These were questions I advised one investment firm to ask itself. Its CEO has lamented that he wanted to hire more Hispanic advisers, then admitted he’s not investing in any Hispanic companies.

Several companies have taken strong steps to address racist overtones in what they sell, even if it means giving up potentially profitable markets. IBM announced last June that it is getting out of the facial recognition business. Unilever, L’Oreal, and Johnson & Johnson are renaming or discontinuing skin care brands that whiten skin, a $6.5 billion market. Quaker Oats has abandoned Aunt Jemima, and other food brands have discontinued mascots that smack of racist images.

Back up your ideals with real money.

Well-known companies and their leaders are redressing racial inequities by committing financial support. Comcast donated $75 million in cash and $25 million in media to a three-year project to promote equality. Apple launched a $100 million Racial Equity and Justice Initiative, focusing on education, criminal justice reform and economic inequality. Netflix co-CEO Reed Hastings and his wife, Patti Quillin, personally donated $120 million to the United Negro College Fund and to Morehouse College and Spelman College, two historically black colleges.

Smaller companies without the immense resources of Apple or Comcast can take meaningful action by leveraging their expertise and partnering with other groups. One company’s government affairs team partnered with others in their industry to identify and address inequitable laws and policies in the cities and states where they operate and even on a national level.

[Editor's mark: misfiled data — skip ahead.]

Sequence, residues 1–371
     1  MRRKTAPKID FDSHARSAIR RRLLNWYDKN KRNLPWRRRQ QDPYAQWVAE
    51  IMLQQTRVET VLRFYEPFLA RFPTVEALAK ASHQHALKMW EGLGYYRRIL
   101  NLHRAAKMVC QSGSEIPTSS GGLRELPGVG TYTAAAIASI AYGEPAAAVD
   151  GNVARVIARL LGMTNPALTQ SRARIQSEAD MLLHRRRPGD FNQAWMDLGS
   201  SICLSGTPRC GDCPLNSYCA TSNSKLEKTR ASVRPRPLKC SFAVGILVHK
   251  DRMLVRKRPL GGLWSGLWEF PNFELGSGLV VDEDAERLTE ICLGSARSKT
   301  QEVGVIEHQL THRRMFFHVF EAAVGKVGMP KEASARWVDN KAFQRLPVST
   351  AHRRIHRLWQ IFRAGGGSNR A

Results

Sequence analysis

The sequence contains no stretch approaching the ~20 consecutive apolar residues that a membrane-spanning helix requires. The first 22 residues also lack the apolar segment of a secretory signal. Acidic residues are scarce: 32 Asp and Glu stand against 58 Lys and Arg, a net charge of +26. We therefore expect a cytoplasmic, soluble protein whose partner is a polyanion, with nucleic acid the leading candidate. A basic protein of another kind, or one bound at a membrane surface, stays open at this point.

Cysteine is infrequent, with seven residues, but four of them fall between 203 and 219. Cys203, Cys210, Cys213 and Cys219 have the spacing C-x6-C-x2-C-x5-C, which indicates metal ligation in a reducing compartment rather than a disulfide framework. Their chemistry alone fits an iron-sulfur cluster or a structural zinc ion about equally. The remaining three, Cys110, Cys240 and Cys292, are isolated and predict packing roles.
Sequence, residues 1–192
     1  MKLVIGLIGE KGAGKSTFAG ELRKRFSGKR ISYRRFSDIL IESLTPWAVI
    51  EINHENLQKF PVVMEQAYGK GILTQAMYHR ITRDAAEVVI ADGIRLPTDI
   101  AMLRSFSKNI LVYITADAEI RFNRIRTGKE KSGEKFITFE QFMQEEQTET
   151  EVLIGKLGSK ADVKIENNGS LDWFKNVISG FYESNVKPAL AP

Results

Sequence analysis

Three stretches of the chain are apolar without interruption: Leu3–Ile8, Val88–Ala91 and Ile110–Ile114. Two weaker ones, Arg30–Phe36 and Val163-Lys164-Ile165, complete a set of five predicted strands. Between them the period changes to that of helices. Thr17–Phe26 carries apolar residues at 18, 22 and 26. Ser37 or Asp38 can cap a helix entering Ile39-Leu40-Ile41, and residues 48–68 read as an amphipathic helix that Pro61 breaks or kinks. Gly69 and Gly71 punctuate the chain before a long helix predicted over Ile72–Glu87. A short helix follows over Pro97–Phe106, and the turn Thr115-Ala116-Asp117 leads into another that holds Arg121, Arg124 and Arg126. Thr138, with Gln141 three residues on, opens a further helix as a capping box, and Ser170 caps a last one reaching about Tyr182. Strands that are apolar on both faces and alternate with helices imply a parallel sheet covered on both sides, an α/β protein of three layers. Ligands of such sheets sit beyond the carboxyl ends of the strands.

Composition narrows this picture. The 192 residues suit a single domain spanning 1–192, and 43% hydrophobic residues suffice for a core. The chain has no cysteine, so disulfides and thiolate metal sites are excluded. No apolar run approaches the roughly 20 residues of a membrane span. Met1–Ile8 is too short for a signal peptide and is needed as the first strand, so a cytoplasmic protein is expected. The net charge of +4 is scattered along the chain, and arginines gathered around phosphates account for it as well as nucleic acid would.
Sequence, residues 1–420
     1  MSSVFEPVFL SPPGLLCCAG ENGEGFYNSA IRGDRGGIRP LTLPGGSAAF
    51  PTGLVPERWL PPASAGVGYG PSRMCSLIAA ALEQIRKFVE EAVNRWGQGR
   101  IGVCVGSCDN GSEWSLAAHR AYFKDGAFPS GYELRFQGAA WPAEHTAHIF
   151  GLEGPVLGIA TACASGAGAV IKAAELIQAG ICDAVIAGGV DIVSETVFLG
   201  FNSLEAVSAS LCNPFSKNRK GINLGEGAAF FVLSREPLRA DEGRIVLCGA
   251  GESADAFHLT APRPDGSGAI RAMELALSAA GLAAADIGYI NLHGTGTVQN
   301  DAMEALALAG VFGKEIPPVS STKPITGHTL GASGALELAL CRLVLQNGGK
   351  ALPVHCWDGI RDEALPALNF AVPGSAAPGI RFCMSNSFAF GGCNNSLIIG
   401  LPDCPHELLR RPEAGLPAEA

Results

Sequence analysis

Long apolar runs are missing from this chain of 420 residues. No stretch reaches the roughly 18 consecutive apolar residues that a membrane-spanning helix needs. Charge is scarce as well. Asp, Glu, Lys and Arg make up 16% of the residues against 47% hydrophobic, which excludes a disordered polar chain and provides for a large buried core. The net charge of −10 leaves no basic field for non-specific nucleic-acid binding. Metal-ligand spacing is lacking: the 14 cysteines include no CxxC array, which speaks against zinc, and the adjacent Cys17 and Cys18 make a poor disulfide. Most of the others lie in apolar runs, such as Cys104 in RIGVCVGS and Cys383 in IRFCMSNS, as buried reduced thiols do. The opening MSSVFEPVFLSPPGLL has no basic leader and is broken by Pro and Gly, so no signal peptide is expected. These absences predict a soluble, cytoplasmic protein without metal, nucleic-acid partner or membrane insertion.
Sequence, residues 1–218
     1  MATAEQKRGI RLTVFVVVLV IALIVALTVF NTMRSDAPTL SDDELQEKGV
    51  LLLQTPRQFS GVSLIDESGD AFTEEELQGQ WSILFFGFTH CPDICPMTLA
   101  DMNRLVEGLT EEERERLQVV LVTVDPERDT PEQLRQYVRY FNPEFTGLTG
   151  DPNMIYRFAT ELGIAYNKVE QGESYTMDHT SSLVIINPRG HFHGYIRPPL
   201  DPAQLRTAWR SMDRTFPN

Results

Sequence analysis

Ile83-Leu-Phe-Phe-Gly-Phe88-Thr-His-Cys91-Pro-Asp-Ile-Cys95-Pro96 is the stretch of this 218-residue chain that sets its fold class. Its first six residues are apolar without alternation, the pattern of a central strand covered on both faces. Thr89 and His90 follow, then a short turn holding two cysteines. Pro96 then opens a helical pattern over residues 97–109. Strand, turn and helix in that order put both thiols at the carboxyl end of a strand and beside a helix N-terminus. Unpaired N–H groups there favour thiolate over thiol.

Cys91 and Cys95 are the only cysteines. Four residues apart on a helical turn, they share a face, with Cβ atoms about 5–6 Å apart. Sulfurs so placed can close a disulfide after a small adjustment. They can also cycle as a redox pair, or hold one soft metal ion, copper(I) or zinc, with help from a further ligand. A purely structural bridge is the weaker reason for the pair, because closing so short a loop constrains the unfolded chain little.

Now is the time for leaders to give all employees at all levels the platform to publicly and privately voice their existential fears — and then allay them. Develop policies, procedures, and practices that address racism within your company, and commit resources and time to fighting racism outside of it. And don’t assume that racism’s embers will die out just because a new president is not stoking the fire.

The newly unleashed racists among us will continue to be emboldened. All good companies that want to counteract them must be emboldened too, in order to protect their people, their reputations, and their business.